Wadham dean dies of heart attack

Dr Robin McCleery, Dean of Wadham College, died on Wednesday morning from a suspected heart attack.

The Warden of Wadham, Neil Chalmers, said, “Clearly this is a deep shock to us all. We shall, of course, do all we can, as a college, to support Robin’s family and his students at this very difficult time.”

This summer was to be the fortieth anniversary of Professor McCleery’s arrival in Oxford as an undergraduate to study Zoology.Professor Bill Sheldon, Director of the Edward Grey Institute (EGI) and a colleague of Dr McCleery’s, said, “We don’t know too much about what happened. We were told by the police. He didn’t turn up for a lecture. “It’s completely out of the blue. He was at work [on Tuesday] so it’s completely surprising. Anyone who interacted with him would say that he was incredibly dedicated to teaching, teaching at all levels in the University and college. He was someone who gave an incredible amount to teaching and everyone will remember him for that.”

He added, “He was a very well-rounded man, with lots of interests outside of the university. He was very interested in politics, a very interesting man to talk to.”Referring to Dr McCleery’s upcoming anniversary, he added, “Typically of him, he didn’t make a song and a dance about it.” Professor Sheldon also praised Dr McCleery’s work with the EGI. He said, “He was very involved in running the long-term project on bird populations. It is a very well-known project world-wide, in which Robin has been a central figure.”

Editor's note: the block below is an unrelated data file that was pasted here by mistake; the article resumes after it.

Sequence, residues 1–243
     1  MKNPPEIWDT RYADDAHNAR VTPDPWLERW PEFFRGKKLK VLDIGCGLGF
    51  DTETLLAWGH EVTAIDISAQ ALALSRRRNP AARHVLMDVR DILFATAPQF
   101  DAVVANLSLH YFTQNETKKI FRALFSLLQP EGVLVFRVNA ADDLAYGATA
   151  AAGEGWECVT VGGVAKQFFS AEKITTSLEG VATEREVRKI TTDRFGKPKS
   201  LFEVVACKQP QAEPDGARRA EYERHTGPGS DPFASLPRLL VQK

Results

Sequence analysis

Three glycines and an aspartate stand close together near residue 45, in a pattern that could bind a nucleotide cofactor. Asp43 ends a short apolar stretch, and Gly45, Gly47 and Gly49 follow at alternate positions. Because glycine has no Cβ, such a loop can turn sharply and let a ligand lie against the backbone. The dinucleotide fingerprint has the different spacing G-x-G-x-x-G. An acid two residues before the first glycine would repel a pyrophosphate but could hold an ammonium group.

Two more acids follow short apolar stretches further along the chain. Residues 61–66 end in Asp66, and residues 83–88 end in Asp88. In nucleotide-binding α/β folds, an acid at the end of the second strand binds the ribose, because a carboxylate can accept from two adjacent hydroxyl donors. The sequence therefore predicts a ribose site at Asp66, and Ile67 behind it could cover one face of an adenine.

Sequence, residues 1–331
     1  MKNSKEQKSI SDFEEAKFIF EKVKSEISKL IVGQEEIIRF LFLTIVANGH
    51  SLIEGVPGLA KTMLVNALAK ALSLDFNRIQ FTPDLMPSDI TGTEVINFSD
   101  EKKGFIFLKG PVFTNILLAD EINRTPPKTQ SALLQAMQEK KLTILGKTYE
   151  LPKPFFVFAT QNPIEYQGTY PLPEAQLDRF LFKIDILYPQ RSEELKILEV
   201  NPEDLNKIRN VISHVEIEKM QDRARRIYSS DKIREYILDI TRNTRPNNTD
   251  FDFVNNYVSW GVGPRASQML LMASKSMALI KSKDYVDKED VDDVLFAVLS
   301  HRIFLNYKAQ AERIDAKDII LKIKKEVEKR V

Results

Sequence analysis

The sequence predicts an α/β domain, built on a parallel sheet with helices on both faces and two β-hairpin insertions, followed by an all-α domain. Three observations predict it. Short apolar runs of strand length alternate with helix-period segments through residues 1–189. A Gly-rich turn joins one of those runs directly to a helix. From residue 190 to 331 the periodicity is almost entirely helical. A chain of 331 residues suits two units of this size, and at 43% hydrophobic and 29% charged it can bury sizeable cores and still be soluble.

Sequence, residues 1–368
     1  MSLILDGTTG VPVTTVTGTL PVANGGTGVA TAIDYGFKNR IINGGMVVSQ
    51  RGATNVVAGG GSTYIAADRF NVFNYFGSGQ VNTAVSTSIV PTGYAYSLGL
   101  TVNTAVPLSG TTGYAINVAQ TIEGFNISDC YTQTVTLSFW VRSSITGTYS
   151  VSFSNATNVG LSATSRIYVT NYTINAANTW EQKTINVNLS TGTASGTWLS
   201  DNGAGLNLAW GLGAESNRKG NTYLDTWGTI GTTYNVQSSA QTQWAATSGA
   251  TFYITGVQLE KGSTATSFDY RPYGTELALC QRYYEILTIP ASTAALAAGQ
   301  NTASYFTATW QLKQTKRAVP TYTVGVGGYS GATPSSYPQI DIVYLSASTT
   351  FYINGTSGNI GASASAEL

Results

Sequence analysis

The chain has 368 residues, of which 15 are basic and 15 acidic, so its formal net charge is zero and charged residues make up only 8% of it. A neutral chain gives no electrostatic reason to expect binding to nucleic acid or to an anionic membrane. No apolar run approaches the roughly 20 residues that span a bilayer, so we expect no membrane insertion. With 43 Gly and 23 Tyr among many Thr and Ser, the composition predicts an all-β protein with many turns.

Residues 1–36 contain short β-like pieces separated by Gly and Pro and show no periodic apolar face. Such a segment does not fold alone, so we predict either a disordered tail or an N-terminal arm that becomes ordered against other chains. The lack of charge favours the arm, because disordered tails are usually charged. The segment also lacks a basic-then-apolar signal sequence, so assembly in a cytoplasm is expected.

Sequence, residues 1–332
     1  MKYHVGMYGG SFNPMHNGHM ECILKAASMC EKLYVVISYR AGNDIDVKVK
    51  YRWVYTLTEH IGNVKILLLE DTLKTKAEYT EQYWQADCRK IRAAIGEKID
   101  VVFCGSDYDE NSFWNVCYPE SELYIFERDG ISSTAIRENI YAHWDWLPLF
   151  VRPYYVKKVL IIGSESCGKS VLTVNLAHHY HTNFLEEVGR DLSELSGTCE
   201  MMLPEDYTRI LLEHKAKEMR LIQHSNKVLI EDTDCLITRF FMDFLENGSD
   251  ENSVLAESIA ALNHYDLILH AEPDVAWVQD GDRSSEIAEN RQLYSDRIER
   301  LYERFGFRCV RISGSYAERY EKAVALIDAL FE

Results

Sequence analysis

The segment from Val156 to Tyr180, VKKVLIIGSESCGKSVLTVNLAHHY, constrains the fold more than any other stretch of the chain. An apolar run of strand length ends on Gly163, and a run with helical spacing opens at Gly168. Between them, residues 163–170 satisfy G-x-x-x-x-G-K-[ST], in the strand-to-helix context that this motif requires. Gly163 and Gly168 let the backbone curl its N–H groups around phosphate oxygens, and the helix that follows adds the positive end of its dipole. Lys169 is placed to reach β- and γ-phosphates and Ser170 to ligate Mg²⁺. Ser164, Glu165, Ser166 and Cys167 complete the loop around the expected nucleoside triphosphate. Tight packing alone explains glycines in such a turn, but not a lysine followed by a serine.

On his EGI profile, Dr McCleery writes, “After a post graduate Diploma in the History and Philosophy of Science, I decided that doing science was more interesting than talking about it, and joined David McFarland’s group in the Oxford Psychology department for a DPhil on behavioural measurement of hunger and thirst in rats and other laboratory animals.

“In 1975 I moved with David McFarland to the Animal Behaviour Research Group, and worked on an Optimality analysis of incubation behaviour in the Herring gull at Walney Island, Cumbria. In 1978, I joined the EGI, initially with the task of constructing a computerised database of the Wytham Great tit study.”

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Dr McCleery had been working with EGI for 30 years and was a Departmental Research Fellow in Biology and a Fellow and Tutor in Biological Sciences at Wadham College.

His main research interests were listed as the population biology of birds, life history trade offs, effects of predation, environmental heterogeneity and endemicity on individual survival.

Outside of university and college life, Dr McCleery had diverse interests, particularly in politics and music. As part of Wadstock in May 2007, he played saxophone on stage with the band ‘Cop on the Edge’ of which his daughter Anna is a member.by Rob Pomfret